Occasionally the Galapagos Islands remind us that it is a young volcanic archipelago. The mounts on Isabela and Fernandina erupt into short-term activity, giving visitors to the Galapagos a natural fireworks show.

Why the Galapagos Islands Have So Many Volcanoes

The Earth’s crust is made up of several dozen, slowly drifting plates. When one plate is forced beneath another – such as the Nazca Plate beneath the South American Plate – volcanoes like those in the Andes are formed.

Another way volcanoes are created is when a plate drifts over a hot spot, a place where the Earth’s molten innards burns through the crust above. As the plate moves over this stationary hot plume, it forms a string of volcanoes which grow into islands and become archipelagos, like the Hawai’ian Islands. Volcanoes on the older isles become extinct.

This is precisely how the Galapagos Islands are formed. They sit atop the Nazca Plate, which is drifting at a giant tortoise pace to the southeast. San Cristobal, the easternmost island, is approximately four million years old. Fernandina and Isabela, the westernmost main islands, are merely some 700,000 years old and thus still active.

Fernandina Island

On September 4th, Cumbre Volcano on Fernandina Island erupted for the first time in almost a decade. Two days earlier, a 4.6 earthquake between Fernandina and Isabela islands hinted that something was afoot. The quakes continued, growing more frequent, until on the afternoon of September 4th, the volcano erupted. The tour ship National Geographic Endeavour II happened to record that moment when Cumbre began emitting gas and steam. Lava is flowing from a fissure on Cumbre Volcano’s south-southwest side. Ecuador’s Geophysical Institute reports the volcanic activity is lessening. There are no human residents on Fernandina; however, wildlife is possibly threatened.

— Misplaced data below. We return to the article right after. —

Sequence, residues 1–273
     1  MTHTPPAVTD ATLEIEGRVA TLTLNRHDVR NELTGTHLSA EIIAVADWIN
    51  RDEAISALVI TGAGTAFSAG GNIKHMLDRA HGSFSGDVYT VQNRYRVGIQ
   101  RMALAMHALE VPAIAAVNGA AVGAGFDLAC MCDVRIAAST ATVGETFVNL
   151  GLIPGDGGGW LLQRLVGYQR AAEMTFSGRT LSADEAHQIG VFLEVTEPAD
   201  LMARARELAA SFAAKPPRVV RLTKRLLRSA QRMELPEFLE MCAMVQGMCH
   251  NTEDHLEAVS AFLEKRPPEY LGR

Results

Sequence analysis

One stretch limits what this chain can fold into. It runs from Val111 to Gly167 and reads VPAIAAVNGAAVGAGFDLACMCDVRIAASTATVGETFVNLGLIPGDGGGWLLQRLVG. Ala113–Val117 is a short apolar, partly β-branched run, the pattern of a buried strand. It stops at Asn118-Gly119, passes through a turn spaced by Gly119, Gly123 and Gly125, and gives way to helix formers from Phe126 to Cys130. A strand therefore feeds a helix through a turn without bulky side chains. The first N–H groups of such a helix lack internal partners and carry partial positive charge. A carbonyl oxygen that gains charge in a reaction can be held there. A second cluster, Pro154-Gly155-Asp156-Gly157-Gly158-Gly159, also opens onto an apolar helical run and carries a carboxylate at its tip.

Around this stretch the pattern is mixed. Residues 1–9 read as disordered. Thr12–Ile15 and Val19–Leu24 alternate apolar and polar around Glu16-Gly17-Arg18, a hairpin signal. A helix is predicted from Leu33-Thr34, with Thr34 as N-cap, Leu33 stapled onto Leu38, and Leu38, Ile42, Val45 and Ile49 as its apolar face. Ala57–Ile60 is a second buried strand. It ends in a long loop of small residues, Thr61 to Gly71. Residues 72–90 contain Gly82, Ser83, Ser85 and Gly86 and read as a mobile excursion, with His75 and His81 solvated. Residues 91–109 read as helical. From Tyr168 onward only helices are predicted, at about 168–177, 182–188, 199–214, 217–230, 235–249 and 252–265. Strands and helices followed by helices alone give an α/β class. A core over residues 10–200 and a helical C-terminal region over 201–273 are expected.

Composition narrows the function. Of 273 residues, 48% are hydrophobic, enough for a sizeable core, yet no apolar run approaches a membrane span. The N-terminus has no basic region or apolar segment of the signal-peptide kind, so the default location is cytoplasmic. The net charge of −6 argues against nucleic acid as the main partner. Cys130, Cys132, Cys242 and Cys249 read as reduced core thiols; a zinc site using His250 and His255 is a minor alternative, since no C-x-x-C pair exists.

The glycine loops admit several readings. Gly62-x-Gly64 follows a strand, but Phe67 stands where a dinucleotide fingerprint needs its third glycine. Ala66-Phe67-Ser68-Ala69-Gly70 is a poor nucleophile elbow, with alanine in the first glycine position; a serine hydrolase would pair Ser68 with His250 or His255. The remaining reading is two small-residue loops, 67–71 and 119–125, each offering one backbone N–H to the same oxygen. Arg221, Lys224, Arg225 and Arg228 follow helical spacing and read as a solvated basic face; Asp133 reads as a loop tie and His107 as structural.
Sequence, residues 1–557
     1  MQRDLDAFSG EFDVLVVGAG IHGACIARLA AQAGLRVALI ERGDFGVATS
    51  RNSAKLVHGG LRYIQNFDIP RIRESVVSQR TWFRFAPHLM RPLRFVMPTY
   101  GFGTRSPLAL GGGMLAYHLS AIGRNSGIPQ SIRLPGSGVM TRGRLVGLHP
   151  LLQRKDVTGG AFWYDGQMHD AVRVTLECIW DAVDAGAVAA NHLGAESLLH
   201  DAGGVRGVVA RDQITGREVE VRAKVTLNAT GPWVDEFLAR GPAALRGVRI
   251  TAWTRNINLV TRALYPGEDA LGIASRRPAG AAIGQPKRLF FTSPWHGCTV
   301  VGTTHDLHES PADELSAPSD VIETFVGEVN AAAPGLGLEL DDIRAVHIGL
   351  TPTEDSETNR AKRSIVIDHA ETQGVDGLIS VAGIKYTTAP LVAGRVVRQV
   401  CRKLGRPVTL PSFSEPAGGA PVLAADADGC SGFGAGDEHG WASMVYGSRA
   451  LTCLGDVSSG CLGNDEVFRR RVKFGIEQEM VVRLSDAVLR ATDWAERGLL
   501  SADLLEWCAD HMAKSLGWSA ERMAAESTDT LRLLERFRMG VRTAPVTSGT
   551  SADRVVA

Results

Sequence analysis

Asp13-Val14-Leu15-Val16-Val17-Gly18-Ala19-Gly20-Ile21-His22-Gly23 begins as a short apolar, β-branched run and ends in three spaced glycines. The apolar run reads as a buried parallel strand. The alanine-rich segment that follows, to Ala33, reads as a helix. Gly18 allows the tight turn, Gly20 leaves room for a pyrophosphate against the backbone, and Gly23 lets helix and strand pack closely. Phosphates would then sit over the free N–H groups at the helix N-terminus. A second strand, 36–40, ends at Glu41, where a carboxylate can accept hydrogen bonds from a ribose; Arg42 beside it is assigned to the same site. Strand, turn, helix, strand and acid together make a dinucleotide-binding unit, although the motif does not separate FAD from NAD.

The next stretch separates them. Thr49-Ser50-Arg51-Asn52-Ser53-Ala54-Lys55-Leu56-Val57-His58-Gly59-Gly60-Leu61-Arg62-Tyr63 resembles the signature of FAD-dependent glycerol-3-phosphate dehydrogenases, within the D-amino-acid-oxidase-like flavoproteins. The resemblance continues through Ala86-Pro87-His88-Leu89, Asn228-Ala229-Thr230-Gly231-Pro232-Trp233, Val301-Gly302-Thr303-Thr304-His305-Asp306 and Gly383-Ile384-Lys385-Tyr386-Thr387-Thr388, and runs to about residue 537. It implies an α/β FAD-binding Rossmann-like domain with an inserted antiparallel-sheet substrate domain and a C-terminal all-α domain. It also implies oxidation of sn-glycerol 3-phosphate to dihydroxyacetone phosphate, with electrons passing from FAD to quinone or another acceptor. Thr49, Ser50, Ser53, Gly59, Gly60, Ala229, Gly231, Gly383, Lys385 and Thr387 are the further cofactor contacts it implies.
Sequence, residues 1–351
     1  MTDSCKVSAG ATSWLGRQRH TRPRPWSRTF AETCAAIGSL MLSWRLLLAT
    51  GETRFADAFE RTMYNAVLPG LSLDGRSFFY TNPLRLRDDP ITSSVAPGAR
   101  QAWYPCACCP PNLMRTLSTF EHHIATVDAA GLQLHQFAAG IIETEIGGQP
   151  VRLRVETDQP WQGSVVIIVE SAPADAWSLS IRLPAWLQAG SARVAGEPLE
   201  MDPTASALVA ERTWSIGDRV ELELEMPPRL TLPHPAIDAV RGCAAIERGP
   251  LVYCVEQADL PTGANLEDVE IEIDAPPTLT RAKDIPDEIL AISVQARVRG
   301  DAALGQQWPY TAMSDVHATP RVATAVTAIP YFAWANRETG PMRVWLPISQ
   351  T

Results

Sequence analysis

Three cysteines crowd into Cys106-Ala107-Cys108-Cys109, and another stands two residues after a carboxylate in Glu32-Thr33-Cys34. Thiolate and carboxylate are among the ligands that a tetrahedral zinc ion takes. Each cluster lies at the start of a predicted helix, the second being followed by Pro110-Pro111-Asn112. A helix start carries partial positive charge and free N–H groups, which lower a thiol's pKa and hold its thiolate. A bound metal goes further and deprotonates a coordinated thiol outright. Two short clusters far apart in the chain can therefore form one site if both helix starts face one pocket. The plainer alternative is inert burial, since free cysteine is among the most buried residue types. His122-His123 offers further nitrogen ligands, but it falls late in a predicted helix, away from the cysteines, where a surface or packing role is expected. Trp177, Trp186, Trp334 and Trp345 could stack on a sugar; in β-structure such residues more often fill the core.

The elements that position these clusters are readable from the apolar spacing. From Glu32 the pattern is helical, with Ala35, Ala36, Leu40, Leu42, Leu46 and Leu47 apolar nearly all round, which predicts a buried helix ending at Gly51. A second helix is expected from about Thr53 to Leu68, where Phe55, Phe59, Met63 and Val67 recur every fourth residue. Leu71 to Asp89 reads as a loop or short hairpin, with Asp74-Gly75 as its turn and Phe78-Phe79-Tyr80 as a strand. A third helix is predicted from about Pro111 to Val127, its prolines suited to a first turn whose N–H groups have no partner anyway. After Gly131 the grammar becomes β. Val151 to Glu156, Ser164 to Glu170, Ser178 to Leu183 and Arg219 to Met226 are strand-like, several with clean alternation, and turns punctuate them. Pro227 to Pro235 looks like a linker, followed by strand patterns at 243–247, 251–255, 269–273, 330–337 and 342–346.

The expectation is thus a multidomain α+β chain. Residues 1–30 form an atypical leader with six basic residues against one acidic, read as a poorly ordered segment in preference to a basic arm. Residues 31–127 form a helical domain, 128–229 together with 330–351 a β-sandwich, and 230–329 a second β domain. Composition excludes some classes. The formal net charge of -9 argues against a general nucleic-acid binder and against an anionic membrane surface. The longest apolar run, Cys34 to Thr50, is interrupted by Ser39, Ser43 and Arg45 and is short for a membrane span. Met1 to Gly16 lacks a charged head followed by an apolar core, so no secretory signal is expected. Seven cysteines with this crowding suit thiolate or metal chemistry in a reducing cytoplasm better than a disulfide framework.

In modern times, Fernandina’s volcano has often been observed erupting. The activity occurs every few years, with notable flare-ups in 1988, 1991, and 1995. An eruption in 1968 caused the caldera to collapse, sending an ash cloud drifting to Isla Santa Cruz and beyond.

A gripping event was recorded in 1825 by Captain Benjamin Morrell. Right at the moment the island began spewing forth lava, his ship was becalmed in the Bolívar Channel between Fernandina and Isabela. Luckily, just in the nick of time, a slight breeze enabled him to sail to safety.

Isabela Island

Isabela is the Galapagos’ largest island and one of the most active geologically. It is composed of six volcanoes connected by lava flows. At the southwestern corner of the island is Cerro Azul, which last erupted in 2008. To the northeast is Sierra Negra (last eruption, 2005). Going northward is Alcedo (1993), Darwin (1813) and Wolf (2015). The “mouth” of this seahorse-shaped island is where the partially collapsed Volcán Ecuador is located (last eruption, 1150 CE).